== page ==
published April 29 2021 | DeviceDeal blog
While they might seem similar, modems and routers serve two completely different purposes.
Let's go over how they differ so you choose the right one.
Before you go shopping for your next router, it's important to understand the distinction between a router and a modem. Since they often come bundled together, it can sometimes be easy to confuse the two.
They also serve two entirely different purposes. You need both in order to connect to the Internet.
We'll explain further, but to put it in simple terms:
Modems connect to the Internet, while routers connect to your devices.
Modems are devices which provide a direct connection to the Internet. On it's own, your router doesn't connect to the Internet - it needs a modem as well.
In fact, it's called a modem because it modulates analog signals - what travels through the undersea wires to connect to servers - into digital information which computers can read. So you can think of the modem as the interface between the Internet and your router.
When you send/receive information on your devices, you do so using digital binary information. Binary basically refers to 0s and 1s, but we'll save the computer science course for later. To connect to servers, that information needs to travel through high-speed wiring. Unfortunately, wires can only transmit analog signals.
To fix this issue, your modem will transform your information into an analog signal which gets sent to your ISP, and information that comes to you is transformed back into useful digital information that your devices can read.
If you have a slow modem, your entire network will be slow as a result. So it can be worthwhile choosing a modem which supports your internet plan speeds.
That's a great question. If a modem connects to the internet, then why do you need a router?
A router is what connects your devices to your modem. You can essentially think of it as routing data between your devices and modem. It does this by creating a Wi-Fi network which your devices can join. By joining this network, they communicate with the router so that it can talk to the modem. It will also distribute the information from the modem (e.g. the results of your Google search) to the right device.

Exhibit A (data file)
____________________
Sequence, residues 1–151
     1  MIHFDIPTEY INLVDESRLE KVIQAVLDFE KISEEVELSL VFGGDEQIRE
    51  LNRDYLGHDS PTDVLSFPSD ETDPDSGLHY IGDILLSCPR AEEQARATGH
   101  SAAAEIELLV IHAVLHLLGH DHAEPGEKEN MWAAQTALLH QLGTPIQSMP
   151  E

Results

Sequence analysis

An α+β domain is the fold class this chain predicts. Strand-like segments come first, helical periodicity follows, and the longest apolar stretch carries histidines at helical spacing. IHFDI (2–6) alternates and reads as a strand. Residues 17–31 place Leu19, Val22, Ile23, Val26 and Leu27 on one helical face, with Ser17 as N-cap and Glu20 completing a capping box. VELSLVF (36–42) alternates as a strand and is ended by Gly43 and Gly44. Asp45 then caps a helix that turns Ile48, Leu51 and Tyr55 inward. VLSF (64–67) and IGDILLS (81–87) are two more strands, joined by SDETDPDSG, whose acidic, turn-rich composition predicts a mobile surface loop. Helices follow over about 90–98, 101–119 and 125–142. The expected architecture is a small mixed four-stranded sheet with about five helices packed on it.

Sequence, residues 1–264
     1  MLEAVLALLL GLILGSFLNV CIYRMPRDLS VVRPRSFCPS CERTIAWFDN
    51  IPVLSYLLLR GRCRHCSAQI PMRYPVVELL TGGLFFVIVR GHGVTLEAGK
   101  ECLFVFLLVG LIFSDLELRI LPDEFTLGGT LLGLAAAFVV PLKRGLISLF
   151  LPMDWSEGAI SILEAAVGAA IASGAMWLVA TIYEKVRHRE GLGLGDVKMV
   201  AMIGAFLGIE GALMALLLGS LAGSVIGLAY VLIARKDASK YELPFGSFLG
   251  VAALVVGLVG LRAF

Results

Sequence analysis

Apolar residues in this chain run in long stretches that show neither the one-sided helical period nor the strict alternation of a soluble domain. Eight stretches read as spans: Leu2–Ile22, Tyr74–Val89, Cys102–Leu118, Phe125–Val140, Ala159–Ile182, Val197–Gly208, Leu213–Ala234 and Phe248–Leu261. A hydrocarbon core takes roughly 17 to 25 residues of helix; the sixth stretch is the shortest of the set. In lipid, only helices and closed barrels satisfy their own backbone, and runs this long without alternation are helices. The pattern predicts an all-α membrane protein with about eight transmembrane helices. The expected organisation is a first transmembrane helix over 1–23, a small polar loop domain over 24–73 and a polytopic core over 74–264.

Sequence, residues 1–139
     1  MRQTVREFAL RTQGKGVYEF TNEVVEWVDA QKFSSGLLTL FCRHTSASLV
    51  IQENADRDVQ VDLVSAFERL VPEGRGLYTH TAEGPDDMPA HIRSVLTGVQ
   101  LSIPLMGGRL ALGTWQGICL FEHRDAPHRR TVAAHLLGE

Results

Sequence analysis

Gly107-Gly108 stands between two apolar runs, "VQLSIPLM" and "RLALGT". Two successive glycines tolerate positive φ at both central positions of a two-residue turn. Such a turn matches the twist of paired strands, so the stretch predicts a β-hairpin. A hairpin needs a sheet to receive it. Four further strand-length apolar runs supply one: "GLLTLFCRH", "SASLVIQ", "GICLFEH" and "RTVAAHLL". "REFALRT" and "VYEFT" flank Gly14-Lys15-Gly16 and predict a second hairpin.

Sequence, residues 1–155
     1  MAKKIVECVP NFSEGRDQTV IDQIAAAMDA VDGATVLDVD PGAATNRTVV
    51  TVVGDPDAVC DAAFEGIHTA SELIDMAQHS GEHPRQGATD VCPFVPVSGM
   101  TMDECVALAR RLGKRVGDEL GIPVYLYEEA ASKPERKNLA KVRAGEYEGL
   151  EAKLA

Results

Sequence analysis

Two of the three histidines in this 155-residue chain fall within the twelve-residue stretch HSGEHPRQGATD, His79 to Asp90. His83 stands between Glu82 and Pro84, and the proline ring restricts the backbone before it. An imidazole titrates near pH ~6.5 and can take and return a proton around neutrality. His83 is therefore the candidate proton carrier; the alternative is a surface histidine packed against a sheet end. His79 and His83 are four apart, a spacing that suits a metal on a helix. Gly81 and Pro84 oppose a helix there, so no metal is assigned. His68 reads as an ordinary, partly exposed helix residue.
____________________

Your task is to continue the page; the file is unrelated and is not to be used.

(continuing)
It can sometimes be confusing, because your router creates a LAN (local area network) that you can connect to without a modem. A LAN network can be used to transfer files across computers connected to the same router, and you might even have the Wi-Fi symbol on your computer!
But without a modem, you'll be restricted to only connecting to nearby devices which have joined the router's network. It's also why you can still see a Wi-Fi connection to your router even if your ISP goes down.
In essence, a router will route data and connect to your devices, but it needs to be paired with a modem (or have one built-in) to actually transmit data to and from the Internet.
To illustrate how this all works, here's how a typical network transmission process works:
Your devices connect to your router's Wi-Fi network. They might want to receive information from servers (like Google's home page), or send data to servers (like their payment details).
Your router creates a LAN or Wi-Fi network that your devices can join. Devices joining this network can communicate with the router.
Connects to the Internet through your ISP. It's often paired with a router so devices can communicate to the Internet as well.
Your ISP provides the infrastructure needed to get data from servers to your modem. This is often underground cables that transmit data at close to the speed of light.
Everything you browse on the Internet comes from servers. These hold all the information about websites, and you typically request to view a website from a server which then travels through your ISP to you!
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